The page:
Disorder Characterized By Social Communication Difficulty
According to the Centers for Disease Control and Prevention, about 1 in 54 children have been diagnosed with Autism spectrum disorder (ASD) in the United States. The number has continued to rise steadily over the past few decades, most likely due to the greater awareness of ASD and how ASD is diagnosed.
ASD can initially surface in children with:
- Difficulty during back-and-forth social communication and social interaction
- Limited and repeated patterns of behavior, interests or activities
At Penn State Children’s Hospital, our experts are here to help. Children with severe ASD may be diagnosed as early as 12 to 18 months old, while children with milder ASD might not show significant symptoms until their early teen years – typically middle school age.
There is not a clear-cut reason for why ASD occurs in children. Research is ongoing, but scientists agree that both genetics and environment play a role. All expert medical and government groups state that there is no scientific data to link childhood vaccines and ASD.
Symptoms, Diagnosis and Outlook
Many times, parents notice their child has ASD symptoms before the child is 18 months old. Children with ASD often have problems with pretend play and social interactions, as well as verbal and nonverbal communication. Symptoms can range from mild to very severe. Sometimes children seem normal until after their first birthday when they begin to lose language and social skills that they already mastered.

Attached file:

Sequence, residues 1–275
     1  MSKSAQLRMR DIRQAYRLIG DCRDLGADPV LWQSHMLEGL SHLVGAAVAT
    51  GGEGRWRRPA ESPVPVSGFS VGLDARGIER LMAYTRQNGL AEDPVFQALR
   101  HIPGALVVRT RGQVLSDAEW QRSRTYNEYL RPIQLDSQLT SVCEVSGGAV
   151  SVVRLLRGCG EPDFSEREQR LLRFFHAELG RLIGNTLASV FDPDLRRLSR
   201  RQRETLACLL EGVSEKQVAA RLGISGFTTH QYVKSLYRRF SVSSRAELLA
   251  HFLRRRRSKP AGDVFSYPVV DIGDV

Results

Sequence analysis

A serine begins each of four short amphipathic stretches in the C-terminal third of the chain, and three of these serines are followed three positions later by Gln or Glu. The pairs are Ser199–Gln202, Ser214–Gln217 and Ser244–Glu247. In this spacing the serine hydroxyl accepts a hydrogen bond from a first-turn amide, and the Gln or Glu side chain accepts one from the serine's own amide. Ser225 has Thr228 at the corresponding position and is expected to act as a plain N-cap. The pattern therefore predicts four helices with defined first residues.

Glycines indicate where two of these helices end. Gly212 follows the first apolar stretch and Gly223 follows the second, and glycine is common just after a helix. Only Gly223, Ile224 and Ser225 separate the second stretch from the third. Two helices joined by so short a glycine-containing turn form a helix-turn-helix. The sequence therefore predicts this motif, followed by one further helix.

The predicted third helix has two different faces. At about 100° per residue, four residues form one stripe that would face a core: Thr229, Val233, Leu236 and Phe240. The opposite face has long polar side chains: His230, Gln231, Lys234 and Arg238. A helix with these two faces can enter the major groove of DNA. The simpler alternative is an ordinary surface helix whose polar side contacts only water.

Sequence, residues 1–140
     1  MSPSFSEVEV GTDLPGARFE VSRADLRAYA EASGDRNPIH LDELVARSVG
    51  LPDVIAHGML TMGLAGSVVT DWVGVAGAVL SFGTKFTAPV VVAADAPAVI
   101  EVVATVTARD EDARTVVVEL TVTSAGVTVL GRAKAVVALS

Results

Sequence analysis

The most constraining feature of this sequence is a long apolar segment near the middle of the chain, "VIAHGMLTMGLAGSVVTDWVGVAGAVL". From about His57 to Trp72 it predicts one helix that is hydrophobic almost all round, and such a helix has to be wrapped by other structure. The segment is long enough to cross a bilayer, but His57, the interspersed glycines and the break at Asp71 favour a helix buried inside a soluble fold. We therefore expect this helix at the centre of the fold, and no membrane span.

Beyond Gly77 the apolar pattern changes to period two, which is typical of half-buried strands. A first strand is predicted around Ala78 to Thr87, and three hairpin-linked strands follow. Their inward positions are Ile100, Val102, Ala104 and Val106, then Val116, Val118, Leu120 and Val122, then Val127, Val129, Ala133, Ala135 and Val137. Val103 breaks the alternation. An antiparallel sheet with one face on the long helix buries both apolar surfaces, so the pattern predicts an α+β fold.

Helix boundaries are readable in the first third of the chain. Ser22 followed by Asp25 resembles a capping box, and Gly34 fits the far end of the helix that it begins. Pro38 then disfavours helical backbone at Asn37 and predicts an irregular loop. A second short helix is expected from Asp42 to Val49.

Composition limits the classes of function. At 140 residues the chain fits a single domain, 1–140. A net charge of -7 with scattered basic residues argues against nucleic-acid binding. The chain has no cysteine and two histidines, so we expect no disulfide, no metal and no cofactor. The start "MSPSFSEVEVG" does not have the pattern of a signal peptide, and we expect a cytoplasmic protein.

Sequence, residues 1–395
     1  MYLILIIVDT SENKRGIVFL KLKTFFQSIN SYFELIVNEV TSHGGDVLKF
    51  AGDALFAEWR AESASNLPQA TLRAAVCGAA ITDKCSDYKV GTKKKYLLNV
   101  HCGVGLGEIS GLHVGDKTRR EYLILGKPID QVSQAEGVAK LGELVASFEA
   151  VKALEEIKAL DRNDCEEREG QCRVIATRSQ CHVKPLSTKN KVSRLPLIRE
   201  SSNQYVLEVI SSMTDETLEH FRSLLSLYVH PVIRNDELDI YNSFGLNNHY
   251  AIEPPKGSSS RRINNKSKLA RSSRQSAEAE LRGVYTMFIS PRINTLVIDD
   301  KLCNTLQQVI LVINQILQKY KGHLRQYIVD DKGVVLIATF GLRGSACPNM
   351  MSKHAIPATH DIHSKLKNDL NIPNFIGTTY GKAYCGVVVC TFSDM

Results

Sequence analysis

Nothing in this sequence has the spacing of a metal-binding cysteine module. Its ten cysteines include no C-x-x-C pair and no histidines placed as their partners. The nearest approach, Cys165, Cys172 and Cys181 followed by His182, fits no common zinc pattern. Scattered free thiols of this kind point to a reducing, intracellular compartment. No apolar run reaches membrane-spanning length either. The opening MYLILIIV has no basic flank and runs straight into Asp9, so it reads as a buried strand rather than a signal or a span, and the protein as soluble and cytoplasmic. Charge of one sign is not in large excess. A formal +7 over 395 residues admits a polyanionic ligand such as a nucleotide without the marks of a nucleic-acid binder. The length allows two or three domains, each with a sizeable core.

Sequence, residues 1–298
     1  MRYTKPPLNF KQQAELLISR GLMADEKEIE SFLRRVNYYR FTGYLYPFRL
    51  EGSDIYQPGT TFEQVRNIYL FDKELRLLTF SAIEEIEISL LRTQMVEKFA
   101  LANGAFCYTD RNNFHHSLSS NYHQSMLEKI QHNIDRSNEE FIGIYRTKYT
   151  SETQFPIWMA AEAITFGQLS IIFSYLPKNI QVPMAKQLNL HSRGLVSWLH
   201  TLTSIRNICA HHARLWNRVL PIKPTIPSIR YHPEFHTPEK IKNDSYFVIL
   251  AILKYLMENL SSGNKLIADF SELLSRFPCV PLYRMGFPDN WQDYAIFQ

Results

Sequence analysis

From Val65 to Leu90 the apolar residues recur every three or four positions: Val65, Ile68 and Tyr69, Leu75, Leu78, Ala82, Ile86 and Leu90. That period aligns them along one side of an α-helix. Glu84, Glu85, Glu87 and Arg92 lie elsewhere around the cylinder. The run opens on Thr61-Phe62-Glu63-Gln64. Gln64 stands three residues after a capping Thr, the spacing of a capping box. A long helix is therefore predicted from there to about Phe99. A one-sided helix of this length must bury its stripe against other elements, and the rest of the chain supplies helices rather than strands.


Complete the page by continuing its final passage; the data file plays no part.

If you suspect your child is displaying ASD symptoms, call the experts at Penn State Children’s Hospital Pediatric Behavior and Development. Our team includes:
- Nurse practitioners
- Nurse care managers
- Education liaison
- Speech therapists
- Pediatric Neuropsychologists
- Post-doctoral students
Parents are asked to fill out an intake packet that discusses your child’s health history, behavior concerns and family history. We will perform a comprehensive evaluation of your child and identify if your child has ASD.
The exact cause of ASD isn’t known, but doctors believe it’s a combination of factors. Research shows that ASD runs in families, so there is a genetic link. Certain medicines taken during pregnancy can also increase the likelihood that a child will have ASD.
Other causes have been suspected but not yet proven. Some scientists believe that damage to a part of the brain, called the amygdala, may be involved. Other scientists are investigating if a virus could potentially trigger ASD symptoms.
The increase in children with ASD can be attributed to better diagnosis and newer definitions of ASD. Autism spectrum disorder now includes syndromes that used to be considered separate disorders:
- Autistic disorder
- Asperger syndrome
- Childhood disintegrative disorder
- Pervasive developmental disorder
With proper supportive care like medication and therapy in place, children with ASD can grow up to live fulfilling and healthy lives.
Our Experts in Care
The experts at Penn State Children’s Hospital are committed to providing our pediatric patients with comprehensive and multidisciplinary care.Find a Doctor Near You